He was oppressed, and he was afflicted, yet he opened not his mouth: he is brought as a LAMB to the slaughter, and as a sheep before her shearers is dumb, so he openeth not his mouth. (Isaiah 53:3-7) (Emphasis mine)


It is no wonder then, that more than one ancient Rabbi believed that there would be two (2) Messiahs -- a Suffering Messiah and a Kingly Messiah.  They knew that David's greater Son would deliver Israel from all her enemies.


But they couldn't reconcile this with the picture of a Suffering Messiah, painted in Isaiah 53. Yet as sinners, Israel needed more than just political and military deliverance. They needed deliverance from the wrath of God, due to their sins.


This need for deliverance from the wrath of God, due to our sins, is also the need of every Gentile. The Passover Lamb points directly to the Messiah in Isaiah 53.




The Prophet Jeremiah wrote that God promised to make a New Covenant with the house of Israel (Jeremiah 31:31-34).  Several hundred years later, John the Baptist, a direct descendant of Aaron, the High Priest, said of Jesus: Behold the Lamb of God, which taketh away the sin of the world (John 1:29).


Three and a half years later, while celebrating the Jewish Feast of Passover with his disciples, Jesus instituted this New Covenant. We read:


And as they were eating, Jesus took bread, and blessed it, and brake it, and gave it to the disciples, and said, Take, eat; this is my body.  And he took the cup, and gave thanks, and gave it to them, saying, Drink ye all of it; For this is my BLOOD of the NEW TESTAMENT, which is shed for many for the remission of sins. (Matthew 26:26-28) (Emphasis mine)


The next day, he fulfilled these words, as he willingly laid down his life, for the lost sheep of the house of Israel. He is the Passover Lamb, roast in the fire of God's wrath against their sins. He also died for those Gentiles who would believe in Him.


The ancient Hebrews ate the roasted lamb, whose shed blood had saved them.  We need to feed our minds and hearts spiritually, with the sacrifice of the spotless Lamb of God, Yeshua HaMashiach (Jesus the Messiah).


A member of the tribe of Benjamin wrote, Purge out therefore the old leaven, that ye may be a new lump, as ye are unleavened. For even Christ our Passover is sacrificed for us: Therefore let us keep the feast, not with old leaven, neither with the leaven of malice and wickedness; but with the unleavened bread of sincerity and truth.  (1 Corinthians 5:7-8)




The Hebrew Prophets also foretold Messiah's Resurrection (rising from the dead). The One, who was to die, would also live again. We read in the TANACH (Jewish Bible):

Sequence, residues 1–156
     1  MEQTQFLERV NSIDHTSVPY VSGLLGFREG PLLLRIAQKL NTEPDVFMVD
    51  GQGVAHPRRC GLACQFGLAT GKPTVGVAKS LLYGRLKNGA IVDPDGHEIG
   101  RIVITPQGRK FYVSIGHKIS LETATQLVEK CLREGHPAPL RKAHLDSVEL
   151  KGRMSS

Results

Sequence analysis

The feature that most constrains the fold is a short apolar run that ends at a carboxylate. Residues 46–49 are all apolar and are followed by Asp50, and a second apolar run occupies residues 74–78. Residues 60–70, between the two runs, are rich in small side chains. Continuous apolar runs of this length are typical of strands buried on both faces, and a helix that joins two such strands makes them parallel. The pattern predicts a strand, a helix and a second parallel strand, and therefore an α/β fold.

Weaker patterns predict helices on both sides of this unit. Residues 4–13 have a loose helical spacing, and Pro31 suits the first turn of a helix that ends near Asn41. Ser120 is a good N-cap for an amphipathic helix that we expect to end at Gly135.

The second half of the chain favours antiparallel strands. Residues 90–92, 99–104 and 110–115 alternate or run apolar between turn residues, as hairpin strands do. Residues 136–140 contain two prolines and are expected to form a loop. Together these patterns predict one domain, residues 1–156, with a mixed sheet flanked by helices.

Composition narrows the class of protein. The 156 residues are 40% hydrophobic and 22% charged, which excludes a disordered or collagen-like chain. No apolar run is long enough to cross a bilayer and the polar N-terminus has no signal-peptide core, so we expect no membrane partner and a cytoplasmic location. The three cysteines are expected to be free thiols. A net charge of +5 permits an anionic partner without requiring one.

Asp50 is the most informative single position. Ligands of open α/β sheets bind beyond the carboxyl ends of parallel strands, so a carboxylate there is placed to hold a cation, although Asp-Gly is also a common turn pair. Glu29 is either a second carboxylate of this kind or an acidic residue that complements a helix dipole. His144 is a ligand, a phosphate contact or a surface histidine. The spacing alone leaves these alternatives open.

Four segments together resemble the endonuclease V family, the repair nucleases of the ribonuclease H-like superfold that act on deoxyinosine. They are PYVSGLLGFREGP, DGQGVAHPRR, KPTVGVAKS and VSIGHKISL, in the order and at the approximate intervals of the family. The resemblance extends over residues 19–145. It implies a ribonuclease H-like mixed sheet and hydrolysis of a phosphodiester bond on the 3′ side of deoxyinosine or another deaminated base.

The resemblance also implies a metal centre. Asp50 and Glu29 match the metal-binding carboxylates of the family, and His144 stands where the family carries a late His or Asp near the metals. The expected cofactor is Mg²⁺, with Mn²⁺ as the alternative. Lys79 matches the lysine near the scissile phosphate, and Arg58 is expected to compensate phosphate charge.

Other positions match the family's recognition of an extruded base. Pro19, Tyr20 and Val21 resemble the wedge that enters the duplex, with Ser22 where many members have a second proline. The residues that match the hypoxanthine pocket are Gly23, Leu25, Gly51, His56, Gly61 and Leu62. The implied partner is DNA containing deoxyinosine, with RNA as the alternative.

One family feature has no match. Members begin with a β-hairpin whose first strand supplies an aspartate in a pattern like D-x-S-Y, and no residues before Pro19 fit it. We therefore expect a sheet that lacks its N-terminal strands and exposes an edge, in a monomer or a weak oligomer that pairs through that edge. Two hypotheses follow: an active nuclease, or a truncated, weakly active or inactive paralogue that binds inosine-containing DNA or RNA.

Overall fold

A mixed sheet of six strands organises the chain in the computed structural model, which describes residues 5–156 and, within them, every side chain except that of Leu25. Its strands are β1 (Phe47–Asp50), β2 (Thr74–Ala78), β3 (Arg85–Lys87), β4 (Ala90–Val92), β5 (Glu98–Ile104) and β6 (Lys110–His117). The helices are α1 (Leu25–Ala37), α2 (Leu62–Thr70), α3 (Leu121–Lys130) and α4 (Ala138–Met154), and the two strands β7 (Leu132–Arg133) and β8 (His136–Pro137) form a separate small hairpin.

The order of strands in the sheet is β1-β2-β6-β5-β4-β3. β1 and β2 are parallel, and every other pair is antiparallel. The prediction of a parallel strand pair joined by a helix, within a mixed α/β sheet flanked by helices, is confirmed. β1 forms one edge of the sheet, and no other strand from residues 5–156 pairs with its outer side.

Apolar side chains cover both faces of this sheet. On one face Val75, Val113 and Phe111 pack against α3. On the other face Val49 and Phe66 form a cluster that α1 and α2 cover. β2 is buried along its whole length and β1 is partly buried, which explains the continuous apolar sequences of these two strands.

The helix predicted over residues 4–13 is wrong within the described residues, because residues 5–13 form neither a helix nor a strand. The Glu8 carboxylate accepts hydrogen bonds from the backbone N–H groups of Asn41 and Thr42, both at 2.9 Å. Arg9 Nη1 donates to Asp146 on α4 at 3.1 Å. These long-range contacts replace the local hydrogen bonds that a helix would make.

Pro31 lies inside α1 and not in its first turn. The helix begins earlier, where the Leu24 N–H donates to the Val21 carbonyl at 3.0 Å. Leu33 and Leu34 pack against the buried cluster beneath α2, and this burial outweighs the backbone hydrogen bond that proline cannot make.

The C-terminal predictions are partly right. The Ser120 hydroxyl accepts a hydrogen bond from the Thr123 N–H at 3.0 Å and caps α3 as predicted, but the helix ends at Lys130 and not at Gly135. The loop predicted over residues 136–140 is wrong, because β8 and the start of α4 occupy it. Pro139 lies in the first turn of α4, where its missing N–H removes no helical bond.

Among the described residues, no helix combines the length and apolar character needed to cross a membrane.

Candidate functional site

Yet it pleased the LORD to bruise him; he hath put him to grief: when thou shalt make his soul an offering for sin, he shall see his seed, he shall prolong his days, and the pleasure of the LORD shall prosper in his hand.


He shall see of the travail of his soul, and shall be satisfied: by his knowledge shall my righteous servant justify many; for he shall bear their iniquities.  Therefore will I divide him a portion with the great, and he shall divide the spoil with the strong; because he hath poured out his soul unto death: and he was numbered with the transgressors; and he bare the sin of many, and made intercession for the transgressors. (Isaiah 53:10-12)


For thou wilt not leave my soul in hell; neither wilt thou suffer thine Holy One to see corruption. (Psalm 16:10)




In reviewing Exodus 12, we notice that LAMB is always in the singular.  Each house in Israel was to take a lamb. Yet in God's mind, there was only one LAMB of God, who takes away the sin of the world. We also see a divine progression when God speaks of the LAMB.


Speak ye unto all the congregation of Israel, saying, In the tenth day of this month they shall take to them every man a lamb, according to the house of their fathers, a lamb for an house:


And if the household be too little for the lamb, let him and his neighbour next unto his house take it according to the number of the souls; every man according to his eating shall make your count for the lamb.  Your lamb shall be without blemish, a male of the first year: ye shall take it out from the sheep, or from the goats (Exodus 12:3-5)


Is Jesus the Messiah just a lamb (an innocent man, crucified) in your mind?  If so, He needs to become the LAMB in your mind and heart (the Lamb of God that takes away the sin of the world). Only then, by the grace of God, can He become your LAMB (your personal Lord and Saviour).


Turn us again, O God, and cause thy face to shine; and we shall be saved.  (Psalm 80:3)


For whosoever shall call upon the name of the Lord shall be saved. (Romans 10:13)






Seven Sayings of the Saviour on the Cross

George Theiss is a combat veteran of Vietnam who now follows the Lamb of God.  He and his wife, Christy, have been married 42 years (in 2019).  They have 8 grown children.  You can contact George at support@tulipgems.com

Copyright © 2002 through 2019 by George Theiss